Evolving to Independence. A need she started to research in her sophomore year of college. 

Callie Buckner attended Western Carolina University to obtain her Bachelors in Social work. Through many of her social work courses she was gaining insight on underserved populations. All while taking classes she worked at a group home in Bryson City. This group home had a huge impact on her as she connected with many teenagers who needed support. She dedicated a lot of time into pouring into these teens while focusing her studies in the aging out of foster care population. While doing the research she learned there is a huge lack of services for this population to transition into becoming successful adults later in life. She learned most of them ended up homeless, incarcerated, involved in gangs, or sex trafficking. She knew there had to be something done to change these outcomes. Connecting with the teenagers at the group home and seeing these outcomes kickstarted her into believing there could be change for this population. With that determination she decided apply for graduate school to make this change possible.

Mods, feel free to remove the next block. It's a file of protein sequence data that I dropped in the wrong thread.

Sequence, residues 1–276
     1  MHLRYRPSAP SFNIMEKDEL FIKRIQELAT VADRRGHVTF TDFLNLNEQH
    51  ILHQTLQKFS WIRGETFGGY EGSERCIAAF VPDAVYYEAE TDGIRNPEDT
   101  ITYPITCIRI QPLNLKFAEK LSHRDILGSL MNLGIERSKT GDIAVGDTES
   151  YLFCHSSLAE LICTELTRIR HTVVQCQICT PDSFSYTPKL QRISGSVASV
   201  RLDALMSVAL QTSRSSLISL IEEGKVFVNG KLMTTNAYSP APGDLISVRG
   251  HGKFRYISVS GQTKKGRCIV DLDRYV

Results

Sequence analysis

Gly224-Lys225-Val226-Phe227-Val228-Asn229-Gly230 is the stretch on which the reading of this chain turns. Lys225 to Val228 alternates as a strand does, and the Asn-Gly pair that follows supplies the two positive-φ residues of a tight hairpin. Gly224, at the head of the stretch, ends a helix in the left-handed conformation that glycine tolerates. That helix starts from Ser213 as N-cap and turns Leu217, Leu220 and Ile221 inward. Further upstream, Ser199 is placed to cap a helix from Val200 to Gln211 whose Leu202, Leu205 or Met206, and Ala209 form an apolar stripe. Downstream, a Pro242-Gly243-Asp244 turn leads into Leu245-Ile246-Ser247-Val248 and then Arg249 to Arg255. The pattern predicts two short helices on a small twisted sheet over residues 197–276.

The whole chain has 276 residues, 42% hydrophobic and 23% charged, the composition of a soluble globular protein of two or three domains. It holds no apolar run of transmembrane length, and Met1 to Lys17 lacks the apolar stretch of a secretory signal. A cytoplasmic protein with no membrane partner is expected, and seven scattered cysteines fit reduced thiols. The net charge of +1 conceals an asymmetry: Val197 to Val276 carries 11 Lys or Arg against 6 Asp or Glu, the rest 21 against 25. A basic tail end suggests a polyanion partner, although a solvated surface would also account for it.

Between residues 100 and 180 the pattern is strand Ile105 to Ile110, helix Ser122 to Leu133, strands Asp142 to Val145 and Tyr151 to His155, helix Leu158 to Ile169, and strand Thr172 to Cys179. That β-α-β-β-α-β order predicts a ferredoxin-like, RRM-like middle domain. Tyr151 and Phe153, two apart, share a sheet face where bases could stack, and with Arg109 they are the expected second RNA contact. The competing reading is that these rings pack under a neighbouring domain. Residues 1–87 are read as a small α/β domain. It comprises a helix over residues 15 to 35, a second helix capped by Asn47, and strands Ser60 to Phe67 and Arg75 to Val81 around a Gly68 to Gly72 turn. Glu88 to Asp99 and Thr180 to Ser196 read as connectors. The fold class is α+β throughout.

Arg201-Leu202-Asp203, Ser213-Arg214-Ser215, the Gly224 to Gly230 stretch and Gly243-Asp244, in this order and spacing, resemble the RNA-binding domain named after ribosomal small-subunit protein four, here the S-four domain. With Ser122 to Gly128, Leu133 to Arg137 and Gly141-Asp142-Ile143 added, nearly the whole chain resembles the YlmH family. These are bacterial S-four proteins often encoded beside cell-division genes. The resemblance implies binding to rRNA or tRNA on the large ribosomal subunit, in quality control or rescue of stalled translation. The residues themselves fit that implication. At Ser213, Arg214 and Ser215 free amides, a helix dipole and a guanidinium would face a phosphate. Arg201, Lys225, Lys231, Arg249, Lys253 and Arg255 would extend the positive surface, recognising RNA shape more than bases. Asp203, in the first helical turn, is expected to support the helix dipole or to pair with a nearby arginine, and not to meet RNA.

Attending North Carolina State University was the best place for to learn how to start a nonprofit and reach the need of this population. North Carolina State offers a certification for nonprofit management. Through taking her social work courses she was able to balance out how to obtain the certification within the two years. After graduating she started the process of developing a nonprofit. It is surreal that all this work is coming together but more importantly she cannot wait to see it grow. She cannot wait to impact at least one persons life and help them achieve their goals. At Evolving to Independence, our mission is to promote wellness, self-advocacy and opportunities to become independent for underserved young adults in the Charlotte area; in efforts to decrease the percentage of young adults ending up homeless or involved with the criminal justice system by teaching life skills through peer and community interactions.